Sunday, April 15, 2018 1:00 am
Arts at center of city's revival
Michigan City's downtown is back
JOSEPH S. PETE | (Northwest) Times
MICHIGAN CITY – The pattern has played out time and time again in cities across the country: Artists start moving into a distressed, rundown neighborhood, open studios and galleries and soon it's transformed by an influx of investment and new residents.
Artists have revived many neighborhoods like Wicker Park in Chicago, the Miller section of Gary, the Historic Third Ward in Milwaukee, Fountain Square in Indianapolis and Midtown in Detroit.
Michigan City community leaders long have banked on the arts as a way to revitalize downtown, which has been rebranded as the Uptown Arts District for the last eight years after losing its position as the shopping center to the suburban sprawl. They have organized Friday night gallery walks, commissioned public sculptures, staged a winter craft beer festival and installed decorative lights and benches.
The strategy hit a milestone in 2016 when the Artspace Uptown Artist Lofts revived the historic six-story Warren Building. All 44 units for working artists sold out, and five new retailers have opened on the first floor of a downtown that still suffers from a few vacant storefronts.
The new shops, residents and cultural programs at the long-planned Artspace gallery space have injected a new vitality and energy downtown. The addition of the artists lofts has coincided with new restaurants.
Michigan City Mayor Ron Meer said several more downtown housing units are under construction and additional residential units downtown are planned. Apartment or condo buildings as tall as five or 10 stories could be built along the commuter rail line in a few years. The city also is looking to revive the defunct farmers market held Saturdays from May to October at Washington and Eighth streets and install a new plaza that would include a stage for live concerts, and potentially a splash pad, fire pits, ice skating rink and space for physical fitness activities.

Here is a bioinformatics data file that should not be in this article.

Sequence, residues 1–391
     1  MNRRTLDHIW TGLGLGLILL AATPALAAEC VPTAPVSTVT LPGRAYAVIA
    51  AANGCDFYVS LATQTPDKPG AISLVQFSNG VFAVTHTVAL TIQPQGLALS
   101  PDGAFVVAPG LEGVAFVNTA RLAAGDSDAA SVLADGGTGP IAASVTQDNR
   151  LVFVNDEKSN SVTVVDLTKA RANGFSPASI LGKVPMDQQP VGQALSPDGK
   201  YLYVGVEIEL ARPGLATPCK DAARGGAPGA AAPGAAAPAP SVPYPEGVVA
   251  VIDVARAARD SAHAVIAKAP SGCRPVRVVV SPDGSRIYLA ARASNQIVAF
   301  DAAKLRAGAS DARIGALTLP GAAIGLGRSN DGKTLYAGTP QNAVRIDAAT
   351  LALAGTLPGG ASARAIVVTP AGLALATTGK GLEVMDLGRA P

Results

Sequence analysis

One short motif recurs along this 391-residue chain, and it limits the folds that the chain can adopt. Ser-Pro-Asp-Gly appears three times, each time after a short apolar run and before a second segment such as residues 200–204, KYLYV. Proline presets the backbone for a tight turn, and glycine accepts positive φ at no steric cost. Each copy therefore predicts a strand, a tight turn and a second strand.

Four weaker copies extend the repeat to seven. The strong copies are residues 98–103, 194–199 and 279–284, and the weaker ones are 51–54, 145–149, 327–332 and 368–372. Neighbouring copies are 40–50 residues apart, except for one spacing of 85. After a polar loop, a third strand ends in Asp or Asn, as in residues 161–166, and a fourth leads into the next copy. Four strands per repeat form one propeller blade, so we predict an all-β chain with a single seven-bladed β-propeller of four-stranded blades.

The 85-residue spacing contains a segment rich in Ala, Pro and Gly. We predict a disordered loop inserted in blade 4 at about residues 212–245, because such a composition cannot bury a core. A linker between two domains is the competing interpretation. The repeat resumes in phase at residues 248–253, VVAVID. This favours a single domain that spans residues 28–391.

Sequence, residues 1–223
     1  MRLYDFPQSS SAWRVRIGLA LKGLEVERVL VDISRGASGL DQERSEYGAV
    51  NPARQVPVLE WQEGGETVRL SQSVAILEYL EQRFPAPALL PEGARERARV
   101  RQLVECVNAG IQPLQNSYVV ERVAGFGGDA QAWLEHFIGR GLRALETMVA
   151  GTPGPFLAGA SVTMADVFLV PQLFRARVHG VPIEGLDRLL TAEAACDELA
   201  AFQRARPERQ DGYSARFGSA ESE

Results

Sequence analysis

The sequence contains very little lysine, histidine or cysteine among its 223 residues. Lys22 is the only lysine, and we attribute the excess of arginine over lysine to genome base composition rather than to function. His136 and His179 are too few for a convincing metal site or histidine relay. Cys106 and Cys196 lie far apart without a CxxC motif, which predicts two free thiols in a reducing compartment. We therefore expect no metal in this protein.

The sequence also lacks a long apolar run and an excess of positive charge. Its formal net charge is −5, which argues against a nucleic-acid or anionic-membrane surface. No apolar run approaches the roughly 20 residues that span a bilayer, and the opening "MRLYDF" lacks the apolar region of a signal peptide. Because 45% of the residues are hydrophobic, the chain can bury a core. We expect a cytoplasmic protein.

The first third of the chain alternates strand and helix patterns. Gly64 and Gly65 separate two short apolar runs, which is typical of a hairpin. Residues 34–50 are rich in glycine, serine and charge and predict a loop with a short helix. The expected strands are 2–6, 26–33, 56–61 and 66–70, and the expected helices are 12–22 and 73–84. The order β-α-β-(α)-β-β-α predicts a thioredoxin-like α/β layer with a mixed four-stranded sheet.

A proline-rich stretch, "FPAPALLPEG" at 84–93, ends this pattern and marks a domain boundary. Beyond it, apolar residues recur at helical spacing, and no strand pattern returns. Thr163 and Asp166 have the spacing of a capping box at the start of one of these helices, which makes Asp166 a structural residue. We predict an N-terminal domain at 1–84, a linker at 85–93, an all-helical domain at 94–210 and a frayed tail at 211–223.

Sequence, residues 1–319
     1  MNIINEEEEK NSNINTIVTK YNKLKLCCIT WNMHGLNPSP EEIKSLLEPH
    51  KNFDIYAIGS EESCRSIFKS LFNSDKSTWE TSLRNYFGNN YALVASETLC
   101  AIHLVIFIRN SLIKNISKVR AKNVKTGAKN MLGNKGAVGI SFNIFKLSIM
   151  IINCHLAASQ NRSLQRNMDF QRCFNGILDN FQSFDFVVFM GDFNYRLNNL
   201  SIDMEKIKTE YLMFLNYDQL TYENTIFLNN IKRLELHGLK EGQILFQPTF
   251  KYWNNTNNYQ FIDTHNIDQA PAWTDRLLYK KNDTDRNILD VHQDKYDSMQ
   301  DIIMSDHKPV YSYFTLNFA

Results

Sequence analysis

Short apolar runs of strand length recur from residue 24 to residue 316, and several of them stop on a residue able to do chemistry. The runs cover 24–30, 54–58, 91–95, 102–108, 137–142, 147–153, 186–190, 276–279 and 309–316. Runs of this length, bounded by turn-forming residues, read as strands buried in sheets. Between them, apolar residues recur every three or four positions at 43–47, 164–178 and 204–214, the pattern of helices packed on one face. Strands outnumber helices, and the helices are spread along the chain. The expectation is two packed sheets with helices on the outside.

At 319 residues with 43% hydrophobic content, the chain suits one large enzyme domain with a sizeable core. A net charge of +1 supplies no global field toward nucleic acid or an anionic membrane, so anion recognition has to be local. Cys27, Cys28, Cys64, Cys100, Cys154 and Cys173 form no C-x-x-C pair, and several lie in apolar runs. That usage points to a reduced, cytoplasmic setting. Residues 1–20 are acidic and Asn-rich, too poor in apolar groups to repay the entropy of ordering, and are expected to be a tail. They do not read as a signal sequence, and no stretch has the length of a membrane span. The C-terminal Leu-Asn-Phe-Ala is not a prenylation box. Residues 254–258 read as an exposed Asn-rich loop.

“One of the biggest impacts is that we have a new population of young people to middle-aged people in our downtown,” Meer said.
Arts exhibits, poetry readings, literary festivals and other cultural events at Artspace have helped bring downtown back to the point where some people are complaining there's not enough parking, an issue the city has been looking into addressing, Meer said.
“Downtown had been dead and vacant,” he said. “It's still going through growing pains, but tourists and visitors keep coming back. ... It's contagious – you're starting to see more pride in the downtown area.”
Poet, publisher and Artspace resident Michele McDannold said the artist lofts building is home to many self-employed artists, local business members and volunteers, as well as people who work in education, nursing and social services.
“Most of the resident artists at Artspace are involved in the arts and the broader community, oftentimes in wildly different ways. This space allows those experiences and pursuits to intersect,” McDannold said. “There is a spirit of generosity and inclusiveness throughout the building in general, which also informs much of the event and exhibition planning. I am spending my dollars in neighboring businesses at least every week, often every day.”